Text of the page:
A shot from the Veronica Mars Kickstarter video. (Credit: kickstarter.com)

Commentary on the propriety of “working for free” in the arts and other vaguely creative professions like journalism has been at an all-time high the last two weeks. In one ring, we have a working journalist who was asked to contribute, for free, to The Atlantic’s website. The man in question, Nate Thayer, reacted to this request with a blind fury that seemed at once righteous and frankly overwrought. He had evidently been cushioned from the realities of online journalism for some time. Requests to work for free are not new, and particularly not new from The Atlantic.Ta-Nehisi Coates himself pointed out that he had begun working at The Atlantic website for free, as a guest blogger for Matt Yglesias—marquee name though he is now.

Meanwhile, in the TED Talks–land of you-paid-how-much-for-that-ticket, the musician Amanda Palmer believes that artists should stop charging for their work. Instead, she says, they ought to “let” people pay them. Her argument, as Reuters financial blogger Felix Salmon points out, is slightly stronger than the standard “people will pay for things they value” argument. Palmer thinks artists can guarantee monetary and logistical support, by reaching out, developing, and nurturing a community of devoted fans on the Internet. Twitter followers, her philosophy holds, will donate reasonable amounts of money, or couches to sleep on on tour. They in turn will then support projects that jittery corporate suits find too risky. She cites her own success as evidence that this model works, which last year saw her raise $1.2 million on Kickstarter for an album.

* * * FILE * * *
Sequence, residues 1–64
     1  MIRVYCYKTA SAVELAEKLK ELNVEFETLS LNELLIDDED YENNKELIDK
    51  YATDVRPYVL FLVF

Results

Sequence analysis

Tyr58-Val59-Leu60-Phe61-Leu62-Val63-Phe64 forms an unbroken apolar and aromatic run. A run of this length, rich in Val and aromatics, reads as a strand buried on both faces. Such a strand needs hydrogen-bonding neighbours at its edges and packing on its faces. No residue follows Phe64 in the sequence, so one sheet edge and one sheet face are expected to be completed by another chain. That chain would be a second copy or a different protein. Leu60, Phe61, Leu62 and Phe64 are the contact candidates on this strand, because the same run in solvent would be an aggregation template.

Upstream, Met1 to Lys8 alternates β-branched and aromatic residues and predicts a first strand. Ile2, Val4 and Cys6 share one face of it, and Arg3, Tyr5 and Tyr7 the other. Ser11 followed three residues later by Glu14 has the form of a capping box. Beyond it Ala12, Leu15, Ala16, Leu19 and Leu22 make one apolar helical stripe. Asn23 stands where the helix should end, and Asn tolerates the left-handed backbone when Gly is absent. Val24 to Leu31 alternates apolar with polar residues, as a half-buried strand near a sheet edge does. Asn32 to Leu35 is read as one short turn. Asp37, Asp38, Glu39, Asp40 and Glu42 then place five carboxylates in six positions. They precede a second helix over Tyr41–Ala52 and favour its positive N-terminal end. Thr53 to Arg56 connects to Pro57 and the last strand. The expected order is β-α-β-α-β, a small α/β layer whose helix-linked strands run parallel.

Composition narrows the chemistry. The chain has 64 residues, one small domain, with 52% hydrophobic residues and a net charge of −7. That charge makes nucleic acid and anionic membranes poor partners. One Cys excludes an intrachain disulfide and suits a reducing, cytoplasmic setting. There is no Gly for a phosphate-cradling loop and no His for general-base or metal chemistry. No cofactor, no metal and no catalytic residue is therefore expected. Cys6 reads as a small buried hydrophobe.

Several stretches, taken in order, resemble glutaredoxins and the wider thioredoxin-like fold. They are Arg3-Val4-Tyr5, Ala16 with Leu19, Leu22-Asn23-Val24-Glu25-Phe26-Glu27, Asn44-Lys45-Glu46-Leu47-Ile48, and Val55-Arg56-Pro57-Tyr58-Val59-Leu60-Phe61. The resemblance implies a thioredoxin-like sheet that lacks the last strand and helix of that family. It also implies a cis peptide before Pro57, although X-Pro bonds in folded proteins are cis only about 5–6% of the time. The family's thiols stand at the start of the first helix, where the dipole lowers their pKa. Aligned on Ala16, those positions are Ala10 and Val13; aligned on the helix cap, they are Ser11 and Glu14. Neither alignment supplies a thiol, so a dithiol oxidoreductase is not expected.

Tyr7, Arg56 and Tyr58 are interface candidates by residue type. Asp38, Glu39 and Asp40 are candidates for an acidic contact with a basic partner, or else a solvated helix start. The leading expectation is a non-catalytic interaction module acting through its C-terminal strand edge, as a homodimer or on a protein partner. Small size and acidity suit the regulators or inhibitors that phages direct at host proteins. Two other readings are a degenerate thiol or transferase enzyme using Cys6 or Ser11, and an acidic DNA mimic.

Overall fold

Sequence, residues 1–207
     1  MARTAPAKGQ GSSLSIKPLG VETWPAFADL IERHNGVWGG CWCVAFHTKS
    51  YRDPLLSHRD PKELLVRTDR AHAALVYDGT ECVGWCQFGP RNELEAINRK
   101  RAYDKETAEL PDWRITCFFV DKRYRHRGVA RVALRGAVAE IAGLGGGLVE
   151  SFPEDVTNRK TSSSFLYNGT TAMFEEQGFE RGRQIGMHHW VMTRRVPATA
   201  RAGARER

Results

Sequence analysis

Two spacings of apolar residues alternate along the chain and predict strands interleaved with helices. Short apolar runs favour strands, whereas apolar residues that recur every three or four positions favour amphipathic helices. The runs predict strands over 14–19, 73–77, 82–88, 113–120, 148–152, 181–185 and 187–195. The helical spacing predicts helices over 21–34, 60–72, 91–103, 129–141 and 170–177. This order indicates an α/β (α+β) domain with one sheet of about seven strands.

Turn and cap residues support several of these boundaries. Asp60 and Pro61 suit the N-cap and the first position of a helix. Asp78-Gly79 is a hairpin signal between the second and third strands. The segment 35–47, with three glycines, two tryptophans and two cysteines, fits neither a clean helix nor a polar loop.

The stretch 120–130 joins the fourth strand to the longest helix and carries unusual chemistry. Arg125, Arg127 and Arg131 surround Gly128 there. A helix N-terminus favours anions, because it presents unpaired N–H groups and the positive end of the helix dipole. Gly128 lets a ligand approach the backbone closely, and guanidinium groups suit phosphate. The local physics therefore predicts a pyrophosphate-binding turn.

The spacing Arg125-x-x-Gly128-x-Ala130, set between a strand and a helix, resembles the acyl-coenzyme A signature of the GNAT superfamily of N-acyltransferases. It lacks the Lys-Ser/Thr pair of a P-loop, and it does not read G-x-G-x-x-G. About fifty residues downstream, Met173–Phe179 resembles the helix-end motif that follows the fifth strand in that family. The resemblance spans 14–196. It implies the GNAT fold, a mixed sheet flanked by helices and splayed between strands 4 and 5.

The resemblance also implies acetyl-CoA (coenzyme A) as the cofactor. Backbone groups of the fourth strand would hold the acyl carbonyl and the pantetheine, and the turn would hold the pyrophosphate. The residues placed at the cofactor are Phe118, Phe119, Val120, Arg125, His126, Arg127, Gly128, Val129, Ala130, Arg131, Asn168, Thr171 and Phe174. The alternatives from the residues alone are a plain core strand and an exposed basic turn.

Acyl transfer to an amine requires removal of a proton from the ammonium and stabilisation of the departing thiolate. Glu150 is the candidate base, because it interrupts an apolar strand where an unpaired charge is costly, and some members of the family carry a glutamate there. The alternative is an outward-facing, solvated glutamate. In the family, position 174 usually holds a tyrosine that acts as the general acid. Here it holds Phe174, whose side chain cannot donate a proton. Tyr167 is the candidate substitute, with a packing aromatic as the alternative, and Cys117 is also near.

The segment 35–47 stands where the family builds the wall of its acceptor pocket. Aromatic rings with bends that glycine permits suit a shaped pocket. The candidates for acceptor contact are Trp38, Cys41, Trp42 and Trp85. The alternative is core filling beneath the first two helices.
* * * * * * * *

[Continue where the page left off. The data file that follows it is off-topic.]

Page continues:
While Coates and Palmer differ somewhat in the particulars of their arguments—Coates makes a far better argument, one less driven than Palmer by bullshitty “inner creativity” talk—the animating philosophy is the same: If you make it, they will come. Which sounds like an insult to the people in their respective fields who have tried the same routes—the blogging, the Kickstarters, the Twitter feeds, the donated journalism—and ended up, well, somewhere south of $1.2 million and a gig at The Atlantic. Some people would say that the others simply aren’t talented enough to rise to the top of the crop, and of course in many cases that is simply one hundred percent true. But there are a lot of artists out there struggling right now—Nitsuh Abebe, at New York, wrote a great piece on the struggles of the indie-popular Grizzly Bear a few months ago—for reasons other than talent. If you talk to the kind of journalists who do valuable work—some here at The Nation—they will tell you that they find it difficult to do in this marketplace. And a Kickstarter with the label “I’d like to do hard-hitting journalism about poverty in America,” for whatever reason, is never going to do as well as one called “The Veronica Mars Movie Project,” which as of this writing has raised $3.2 million and counting.